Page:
Chapter XXII. The Second Messengers

The return journey began. A remarkable tribute to Kingozi's influence, not only over his own men, but over those of the new safari, might have been read from the fact that there was brought for correction not one grumble, either over the halving of the potio or the apparently endless counter- marching. As far as the white members were concerned the journey was one of doggedness and gloom. Kingozi's strong will managed to keep to the foreground the details of his immediate duty; but to do so he had to sink all other considerations whatever. The same effort required to submerge all thought of the darkened years to come carried down also every recollection of the past. The Leopard Woman ceased to exist, not because she had lost importance, but because Kingozi's mind was focussed on a single point.

And she. Perhaps she understood this; perhaps the tearing antagonism of her own purposes, duties, and desires stunned or occupied her--who knows? The outward result was the same as in the case of her companion. They walked apart, ate apart, lived each in his superb isolation, going forward like sleep-walkers to what the future might hold.

Thus they travelled for ten days. In mid-march, then, Cazi Moto came to tell Kingozi that two more messengers had arrived.

"They are not people of our country," he added. "They are shenzis such as no man here ever saw before."

"What sort of shenzis?"

"Short, square men. Very black. Hair that is long and stands out like a little tree."

"What do they say?"

"Bwana, they speak a language that no man here understands. And this is strange: that they do not come from the direction of Nairobi."

"Perhaps they are men from M'tela."

"No, bwana, that cannot be, for they carry a barua. They came from a white man."

"That is strange, very strange," said Kingozi quickly. "I do not understand. Is there water near where we stand?"

"There is the water of the place we called Campi ya Korungu when we passed before."

"Make camp there."

"The sun is at four hours[13], bwana."

[Footnote 13: 10:00 o'clock.]

"It makes no difference."

When camp had been pitched Kingozi caused the new messengers to be brought before him. A few moments' questioning elicited two facts: one, that there existed no medium of communication known to both parties; two, that the strangers were from some part of the Congo basin. The latter conclusion Kingozi gained from catching a few words of a language root known to him. He stretched his hand for the letter.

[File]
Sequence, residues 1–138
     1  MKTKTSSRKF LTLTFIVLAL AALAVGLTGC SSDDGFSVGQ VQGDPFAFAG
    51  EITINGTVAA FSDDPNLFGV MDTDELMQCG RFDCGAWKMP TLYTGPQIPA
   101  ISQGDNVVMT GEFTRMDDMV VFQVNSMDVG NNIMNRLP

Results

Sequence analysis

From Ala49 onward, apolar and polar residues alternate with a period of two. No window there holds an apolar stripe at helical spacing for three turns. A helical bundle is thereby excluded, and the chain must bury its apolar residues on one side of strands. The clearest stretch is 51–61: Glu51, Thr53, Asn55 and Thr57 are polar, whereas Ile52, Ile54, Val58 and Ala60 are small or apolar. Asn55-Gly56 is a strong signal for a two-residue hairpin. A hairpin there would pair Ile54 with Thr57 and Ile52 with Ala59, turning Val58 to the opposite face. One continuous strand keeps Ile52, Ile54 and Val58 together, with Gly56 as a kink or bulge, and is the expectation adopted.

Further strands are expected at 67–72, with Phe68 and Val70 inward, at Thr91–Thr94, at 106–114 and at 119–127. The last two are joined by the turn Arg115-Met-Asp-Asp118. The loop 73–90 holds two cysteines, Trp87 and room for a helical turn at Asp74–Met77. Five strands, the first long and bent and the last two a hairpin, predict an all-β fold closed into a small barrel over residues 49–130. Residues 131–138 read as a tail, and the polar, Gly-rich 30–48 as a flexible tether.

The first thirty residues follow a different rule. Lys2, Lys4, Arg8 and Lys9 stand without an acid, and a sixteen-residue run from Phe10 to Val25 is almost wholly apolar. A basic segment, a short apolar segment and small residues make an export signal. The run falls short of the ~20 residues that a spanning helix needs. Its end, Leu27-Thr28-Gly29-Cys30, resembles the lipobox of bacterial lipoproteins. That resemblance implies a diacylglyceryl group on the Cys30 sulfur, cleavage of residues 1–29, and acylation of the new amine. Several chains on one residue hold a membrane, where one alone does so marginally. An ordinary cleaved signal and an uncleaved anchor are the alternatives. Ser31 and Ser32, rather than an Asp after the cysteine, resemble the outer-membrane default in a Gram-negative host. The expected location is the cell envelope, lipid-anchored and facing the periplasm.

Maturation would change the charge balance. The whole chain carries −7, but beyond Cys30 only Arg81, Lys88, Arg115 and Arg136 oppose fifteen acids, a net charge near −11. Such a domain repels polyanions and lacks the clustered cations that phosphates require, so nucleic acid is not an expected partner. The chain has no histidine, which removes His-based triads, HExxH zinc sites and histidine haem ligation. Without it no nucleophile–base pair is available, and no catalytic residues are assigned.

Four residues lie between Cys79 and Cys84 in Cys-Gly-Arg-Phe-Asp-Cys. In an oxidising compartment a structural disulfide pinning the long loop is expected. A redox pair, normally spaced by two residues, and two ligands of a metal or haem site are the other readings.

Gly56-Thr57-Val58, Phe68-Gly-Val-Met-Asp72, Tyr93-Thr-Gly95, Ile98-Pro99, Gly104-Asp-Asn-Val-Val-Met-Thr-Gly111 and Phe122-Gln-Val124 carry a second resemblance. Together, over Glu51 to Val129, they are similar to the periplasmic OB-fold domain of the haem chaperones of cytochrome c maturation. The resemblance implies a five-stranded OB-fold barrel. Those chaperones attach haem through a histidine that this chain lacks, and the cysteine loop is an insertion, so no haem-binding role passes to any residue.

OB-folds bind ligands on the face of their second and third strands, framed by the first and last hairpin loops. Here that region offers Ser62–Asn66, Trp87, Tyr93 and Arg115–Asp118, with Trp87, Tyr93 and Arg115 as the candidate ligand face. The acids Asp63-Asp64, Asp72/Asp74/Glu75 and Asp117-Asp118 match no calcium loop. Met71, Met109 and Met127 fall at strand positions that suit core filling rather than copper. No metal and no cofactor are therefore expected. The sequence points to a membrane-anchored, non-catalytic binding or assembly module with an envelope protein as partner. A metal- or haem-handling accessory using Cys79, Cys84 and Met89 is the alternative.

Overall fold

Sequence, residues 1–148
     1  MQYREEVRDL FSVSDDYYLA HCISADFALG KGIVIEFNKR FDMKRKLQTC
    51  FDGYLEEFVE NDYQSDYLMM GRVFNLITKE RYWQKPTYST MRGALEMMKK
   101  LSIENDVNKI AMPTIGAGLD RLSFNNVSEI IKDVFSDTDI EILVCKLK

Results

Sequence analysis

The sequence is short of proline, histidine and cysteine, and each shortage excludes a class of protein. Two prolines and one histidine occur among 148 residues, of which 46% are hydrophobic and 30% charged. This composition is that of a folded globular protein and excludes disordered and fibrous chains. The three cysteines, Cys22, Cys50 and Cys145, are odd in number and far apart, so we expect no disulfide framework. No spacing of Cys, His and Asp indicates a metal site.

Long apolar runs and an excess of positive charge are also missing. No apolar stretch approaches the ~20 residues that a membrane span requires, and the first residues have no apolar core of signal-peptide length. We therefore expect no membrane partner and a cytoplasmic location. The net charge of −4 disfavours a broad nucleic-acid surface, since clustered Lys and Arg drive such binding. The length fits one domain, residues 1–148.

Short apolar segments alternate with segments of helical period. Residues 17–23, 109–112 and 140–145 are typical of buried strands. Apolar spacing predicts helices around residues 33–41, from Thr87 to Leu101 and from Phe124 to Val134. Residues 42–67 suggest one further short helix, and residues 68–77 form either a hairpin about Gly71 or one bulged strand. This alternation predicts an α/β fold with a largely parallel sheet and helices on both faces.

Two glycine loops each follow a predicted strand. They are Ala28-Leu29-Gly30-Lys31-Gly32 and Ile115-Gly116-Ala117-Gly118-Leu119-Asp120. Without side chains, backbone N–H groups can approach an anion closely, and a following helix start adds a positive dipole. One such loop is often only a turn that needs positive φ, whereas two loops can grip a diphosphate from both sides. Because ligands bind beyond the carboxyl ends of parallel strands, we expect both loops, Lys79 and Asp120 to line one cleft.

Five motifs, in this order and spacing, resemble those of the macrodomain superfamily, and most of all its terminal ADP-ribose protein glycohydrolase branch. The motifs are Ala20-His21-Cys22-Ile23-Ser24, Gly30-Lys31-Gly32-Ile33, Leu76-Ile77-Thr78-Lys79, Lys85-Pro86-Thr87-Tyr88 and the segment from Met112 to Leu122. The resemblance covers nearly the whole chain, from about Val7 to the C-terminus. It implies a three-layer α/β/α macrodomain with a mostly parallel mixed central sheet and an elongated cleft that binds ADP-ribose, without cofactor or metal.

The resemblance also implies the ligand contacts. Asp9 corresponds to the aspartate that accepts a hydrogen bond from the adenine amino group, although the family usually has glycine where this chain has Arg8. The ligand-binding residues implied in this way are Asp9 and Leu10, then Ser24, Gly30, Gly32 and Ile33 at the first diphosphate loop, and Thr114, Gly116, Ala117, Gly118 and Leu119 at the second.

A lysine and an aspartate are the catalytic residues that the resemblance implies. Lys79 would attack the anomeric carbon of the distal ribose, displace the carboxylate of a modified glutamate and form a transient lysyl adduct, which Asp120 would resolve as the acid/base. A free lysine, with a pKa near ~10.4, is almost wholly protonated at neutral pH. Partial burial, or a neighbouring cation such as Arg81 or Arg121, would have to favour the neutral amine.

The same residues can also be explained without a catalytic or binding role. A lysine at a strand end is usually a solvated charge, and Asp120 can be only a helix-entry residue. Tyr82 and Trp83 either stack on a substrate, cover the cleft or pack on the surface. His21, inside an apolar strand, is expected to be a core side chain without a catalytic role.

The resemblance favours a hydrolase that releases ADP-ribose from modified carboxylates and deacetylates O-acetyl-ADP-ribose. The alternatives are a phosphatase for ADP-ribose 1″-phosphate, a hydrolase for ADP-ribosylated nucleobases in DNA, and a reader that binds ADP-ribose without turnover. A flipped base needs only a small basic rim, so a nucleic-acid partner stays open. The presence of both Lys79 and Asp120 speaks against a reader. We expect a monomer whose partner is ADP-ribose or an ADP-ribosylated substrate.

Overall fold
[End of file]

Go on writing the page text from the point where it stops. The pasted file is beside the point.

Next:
It was in a long linen envelope, unsealed, and unembossed.

Not from the government. He unfolded the sheets of paper and ran his fingers over the pages. Written in pencil; he could feel the indentations where the writer had borne down. Some private individual writing him from camp on the Congo side. Who could it be? Kingozi's Central African acquaintance was wide; he knew most of the gentlemen adventurers roaming through that land of fascination. A good many were not averse to ivory poaching; and the happy hunting ground of ivory poaching was at that time the French Congo. It might be any of them. But how could they know of his whereabouts in this unknown country? And how could they know he was in this country at all? These last two points seemed to him important. Suddenly he threw his head back and laughed aloud.

"Self-centred egotist!" he addressed himself. "Cazi Moto, tell Bibi-ya- chui I wish to see her."

Cazi Moto departed to return immediately with the Leopard Woman who, at this hour, was still in her marching clothes. If she felt any surprise at this early abandonment of the day's march she did not show it. Two askaris, confided with the task of guarding her, followed a few paces to the rear. She glanced curiously at the bushy savages.

"Here," said Kingozi, holding out the letter, "is a barua for you--from your friend Winkleman in the Congo."

The shock of surprise held her speechless for a moment.

"Your blindness is well! You can see!" she cried then.

Kingozi raised his head sharply, for there was a lilt of relief and gladness in her voice.

"No," he answered, "just ordinary deduction. Am I right?"

He heard her slowly unfolding the paper.

"Yes, you are right," she said in sober tones, after a moment. She uttered a happy exclamation, then another; then ran to his side and threw her arms around his neck in an impulsive hug. Kingozi remembered the waiting men and motioned them away. She was talking rapidly, almost hysterically, as people talk when relieved of a pressure.

"Yes, it is from Winkleman. He has come in from the Congo side. When this letter was written he was only ten days' march from M'tela."

"How do you know that?" interjected Kingozi sharply.

"Native information, he says. Oh, I am so glad! so glad! so glad!"